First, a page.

Today, there is a red undercurrent of motion, flowing around me at my stagnant desk. It’s the Road, and it’s here to remind me that it’s time for us to meet. Soon. I’ll be heading to Burning Man, Black Rock City, 1800 miles across the bosom of the smiling West. The West is my home, the whole big chunk of it, and I always feel as if its arms are open to me no matter where I go. When I was a kid we’d migrate farther north when it got hot, sometimes, looking for rain in Oregon or just another empty space in Nevada where it was easier to live without air conditioning. But we usually stayed West, away from the strange stilted expressions of people in the East, away from crowded cities or the endless flat plains of the Midwest.
I grew up like children on farms in the 40s or 50s, according to one friend from Iowa. No lights, just oil lamps, no phone- if a boy asked for my number, which never happened, I had none to give. We dug holes and crapped in the desert, or the woods. Sometimes we took showers at truck stops. I read books all the time instead of watching TV.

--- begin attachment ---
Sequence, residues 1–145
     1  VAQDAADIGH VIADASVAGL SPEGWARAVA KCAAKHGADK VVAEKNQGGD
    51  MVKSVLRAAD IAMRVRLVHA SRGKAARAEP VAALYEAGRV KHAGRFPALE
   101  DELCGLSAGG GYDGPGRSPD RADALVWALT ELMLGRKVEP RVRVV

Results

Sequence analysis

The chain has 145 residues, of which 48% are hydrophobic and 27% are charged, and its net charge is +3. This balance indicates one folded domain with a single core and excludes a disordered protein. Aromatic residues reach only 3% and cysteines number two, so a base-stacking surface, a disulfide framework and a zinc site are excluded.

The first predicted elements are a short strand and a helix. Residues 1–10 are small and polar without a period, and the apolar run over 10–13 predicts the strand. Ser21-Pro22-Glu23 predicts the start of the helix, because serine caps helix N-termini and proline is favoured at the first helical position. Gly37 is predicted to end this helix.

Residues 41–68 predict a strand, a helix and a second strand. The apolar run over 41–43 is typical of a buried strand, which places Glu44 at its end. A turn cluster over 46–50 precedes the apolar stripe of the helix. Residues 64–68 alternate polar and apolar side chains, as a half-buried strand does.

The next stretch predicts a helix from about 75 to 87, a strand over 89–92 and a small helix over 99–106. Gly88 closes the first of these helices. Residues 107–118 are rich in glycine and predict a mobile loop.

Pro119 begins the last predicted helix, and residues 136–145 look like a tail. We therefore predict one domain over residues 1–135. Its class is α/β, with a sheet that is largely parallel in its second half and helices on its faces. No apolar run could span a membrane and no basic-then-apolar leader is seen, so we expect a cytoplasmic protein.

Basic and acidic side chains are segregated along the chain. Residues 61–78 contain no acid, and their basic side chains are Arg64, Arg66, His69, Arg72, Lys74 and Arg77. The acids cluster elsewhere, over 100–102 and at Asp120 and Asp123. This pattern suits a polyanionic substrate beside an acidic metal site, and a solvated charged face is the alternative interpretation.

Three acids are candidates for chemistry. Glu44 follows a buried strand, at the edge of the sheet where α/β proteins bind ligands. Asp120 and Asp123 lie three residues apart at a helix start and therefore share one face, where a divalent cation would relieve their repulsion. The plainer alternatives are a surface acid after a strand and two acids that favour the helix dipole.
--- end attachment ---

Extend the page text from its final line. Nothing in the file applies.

I never spend time explaining this because I am tired of the incredulity on people’s faces, or it will just take too long to talk about. I don’t think I’d live like that again, but it made my life one of consistent motion. Even when it slows down, it is always moving, always changing, always looking around the next curve ahead. I can’t wait to get on the Road.